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Wednesday March 5, 2014

  • 64th Day of 2014 / 301 Remaining
  • 15 Days Until The First Day of Spring

  • Sunrise:6:33
  • Sunset:6:07
  • 11 Hours 34 Minutes of Daylight

  • Moon Rise:9:11am
  • Moon Set: 11:16pm
  • Moon’s Phase: 24 %

  • The Next Full Moon
  • March 16 @ 10:10am
  • Full CrowMoon
  • Full Crust Moon
  • Full Sap Moon
  • Full Lenten Moon

As the temperature begins to warm and the ground begins to thaw, earthworm casts appear, heralding the return of the robins. The more northern tribes knew this Moon as the Full Crow Moon, when the cawing of crows signaled the end of winter; or the Full Crust Moon, because the snow cover becomes crusted from thawing by day and freezing at night. The Full Sap Moon, marking the time of tapping maple trees, is another variation. To the settlers, it was also known as the Lenten Moon, and was considered to be the last full Moon of winter.

  • Tides
  • High: 1:14am/2:11pm
  • Low:7:47am/7:43pm

  • Rainfall
  • This Year:8.17
  • Last Year:14.35
  • Average Year to Date:18.86

  • Holidays
  • Crispus Attucks Day
  • National Cheese Doodle Day

  • Customs Chiefs Day-Vanuatu
  • National Tree Planting Day-Iran

  • On This Day In …
  • 1558 --- Francisco Fernandes supposedly introduced smoking tobacco to Europe.

  • 1623 --- The first alcohol temperance law in the colonies was enacted in Virginia.

  • 1624 --- In the American colony of Virginia, the upper class was exempted from whipping by legislation.

  • 1750 --- The first Shakespearean play in America was presented at the Nassau Street Theatre in New York City. The play enjoyed by the audience was the famous King Richard III.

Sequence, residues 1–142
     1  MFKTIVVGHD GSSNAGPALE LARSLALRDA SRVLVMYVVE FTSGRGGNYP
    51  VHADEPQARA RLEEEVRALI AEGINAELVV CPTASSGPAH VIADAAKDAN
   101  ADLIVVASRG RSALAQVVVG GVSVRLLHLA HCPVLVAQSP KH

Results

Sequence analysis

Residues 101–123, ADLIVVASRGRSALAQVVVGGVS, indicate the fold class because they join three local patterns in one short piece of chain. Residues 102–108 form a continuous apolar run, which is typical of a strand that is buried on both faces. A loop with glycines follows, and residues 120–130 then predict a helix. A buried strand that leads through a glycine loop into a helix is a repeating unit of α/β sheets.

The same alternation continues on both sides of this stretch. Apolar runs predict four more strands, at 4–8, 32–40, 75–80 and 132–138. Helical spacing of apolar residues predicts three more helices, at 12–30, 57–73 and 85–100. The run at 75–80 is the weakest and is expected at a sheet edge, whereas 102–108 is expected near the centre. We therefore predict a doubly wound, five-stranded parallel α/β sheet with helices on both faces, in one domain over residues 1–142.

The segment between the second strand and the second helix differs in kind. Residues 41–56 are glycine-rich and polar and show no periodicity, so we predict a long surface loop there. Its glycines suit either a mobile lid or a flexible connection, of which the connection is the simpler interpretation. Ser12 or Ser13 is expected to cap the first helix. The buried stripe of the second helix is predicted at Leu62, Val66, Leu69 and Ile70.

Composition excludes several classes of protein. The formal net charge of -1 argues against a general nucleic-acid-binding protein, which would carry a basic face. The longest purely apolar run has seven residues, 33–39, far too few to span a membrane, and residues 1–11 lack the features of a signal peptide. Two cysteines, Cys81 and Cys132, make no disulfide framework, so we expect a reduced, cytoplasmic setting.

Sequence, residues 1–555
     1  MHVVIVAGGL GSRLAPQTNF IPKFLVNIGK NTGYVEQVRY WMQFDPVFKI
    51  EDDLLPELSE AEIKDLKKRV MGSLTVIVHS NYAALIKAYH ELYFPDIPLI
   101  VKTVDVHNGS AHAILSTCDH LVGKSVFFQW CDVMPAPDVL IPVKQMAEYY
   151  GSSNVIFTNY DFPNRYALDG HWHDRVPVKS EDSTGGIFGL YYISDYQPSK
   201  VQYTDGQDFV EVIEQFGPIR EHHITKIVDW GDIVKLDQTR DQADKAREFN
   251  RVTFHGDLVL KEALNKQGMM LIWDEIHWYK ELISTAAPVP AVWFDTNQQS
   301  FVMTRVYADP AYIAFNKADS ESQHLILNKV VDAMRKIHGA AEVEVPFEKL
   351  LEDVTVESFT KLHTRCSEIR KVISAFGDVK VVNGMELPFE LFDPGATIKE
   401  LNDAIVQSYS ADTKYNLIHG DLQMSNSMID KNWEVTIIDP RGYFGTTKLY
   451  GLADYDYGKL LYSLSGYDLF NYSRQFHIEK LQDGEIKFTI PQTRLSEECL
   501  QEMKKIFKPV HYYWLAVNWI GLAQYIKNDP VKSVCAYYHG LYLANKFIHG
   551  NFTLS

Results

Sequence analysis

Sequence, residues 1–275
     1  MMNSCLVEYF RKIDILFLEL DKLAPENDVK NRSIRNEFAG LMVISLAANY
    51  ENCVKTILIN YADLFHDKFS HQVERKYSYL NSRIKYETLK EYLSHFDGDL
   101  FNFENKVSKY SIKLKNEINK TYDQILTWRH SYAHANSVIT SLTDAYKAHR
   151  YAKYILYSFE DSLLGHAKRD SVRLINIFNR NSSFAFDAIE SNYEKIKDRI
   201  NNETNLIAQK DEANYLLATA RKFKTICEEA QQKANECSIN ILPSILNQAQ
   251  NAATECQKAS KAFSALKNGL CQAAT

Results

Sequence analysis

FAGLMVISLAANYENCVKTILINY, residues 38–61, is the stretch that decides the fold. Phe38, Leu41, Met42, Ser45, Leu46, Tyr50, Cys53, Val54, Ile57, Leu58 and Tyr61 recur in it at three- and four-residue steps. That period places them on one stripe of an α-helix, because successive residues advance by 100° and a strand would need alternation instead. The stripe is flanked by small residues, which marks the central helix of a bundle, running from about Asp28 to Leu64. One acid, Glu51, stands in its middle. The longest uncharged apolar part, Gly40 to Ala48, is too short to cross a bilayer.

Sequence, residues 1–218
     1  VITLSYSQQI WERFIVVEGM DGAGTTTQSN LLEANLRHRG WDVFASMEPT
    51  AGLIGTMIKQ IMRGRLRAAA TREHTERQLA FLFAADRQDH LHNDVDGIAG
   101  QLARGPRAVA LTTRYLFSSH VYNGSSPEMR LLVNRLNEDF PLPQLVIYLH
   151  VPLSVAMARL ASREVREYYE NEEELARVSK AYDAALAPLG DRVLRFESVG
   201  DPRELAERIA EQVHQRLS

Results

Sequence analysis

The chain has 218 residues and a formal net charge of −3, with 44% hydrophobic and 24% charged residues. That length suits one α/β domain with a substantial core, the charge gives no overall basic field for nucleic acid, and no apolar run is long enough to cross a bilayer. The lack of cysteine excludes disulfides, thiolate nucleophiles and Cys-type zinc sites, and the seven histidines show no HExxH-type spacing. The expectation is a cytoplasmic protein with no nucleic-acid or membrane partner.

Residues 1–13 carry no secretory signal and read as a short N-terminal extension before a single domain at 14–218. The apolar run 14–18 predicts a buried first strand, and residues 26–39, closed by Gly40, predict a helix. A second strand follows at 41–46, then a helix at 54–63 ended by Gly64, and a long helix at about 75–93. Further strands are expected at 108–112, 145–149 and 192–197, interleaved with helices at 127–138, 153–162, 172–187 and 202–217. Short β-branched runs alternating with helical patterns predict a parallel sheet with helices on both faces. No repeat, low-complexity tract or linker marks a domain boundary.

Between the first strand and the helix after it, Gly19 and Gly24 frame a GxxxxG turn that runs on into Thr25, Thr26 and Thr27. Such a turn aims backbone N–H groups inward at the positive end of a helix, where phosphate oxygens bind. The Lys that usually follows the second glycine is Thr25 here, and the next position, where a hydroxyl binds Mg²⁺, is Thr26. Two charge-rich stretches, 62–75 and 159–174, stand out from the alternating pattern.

• 1770 --- A crowd of American colonists gathers at the Customs House in Boston and begins taunting the British soldiers guarding the building. The protesters, who called themselves Patriots, were protesting the occupation of their city by British troops, who were sent to Boston in 1768 to enforce unpopular taxation measures passed by a British parliament that lacked American representation.
    British Captain Thomas Preston, the commanding officer at the Customs House, ordered his men to fix their bayonets and join the guard outside the building. The colonists responded by throwing snowballs and other objects at the British regulars, and Private Hugh Montgomery was hit, leading him to discharge his rifle at the crowd. The other soldiers began firing a moment later, and when the
    smoke cleared, five colonists were dead or dying—Crispus Attucks, Patrick Carr, Samuel Gray, Samuel Maverick, and James Caldwell—and three more were injured. It is commonly believed that Crispus Attucks, an African American, was the first to fall. The deaths of the five men are regarded by some historians as the first fatalities in the American Revolutionary War.

  • 1864 --- For the first time, Oxford met Cambridge in track and field competition in England.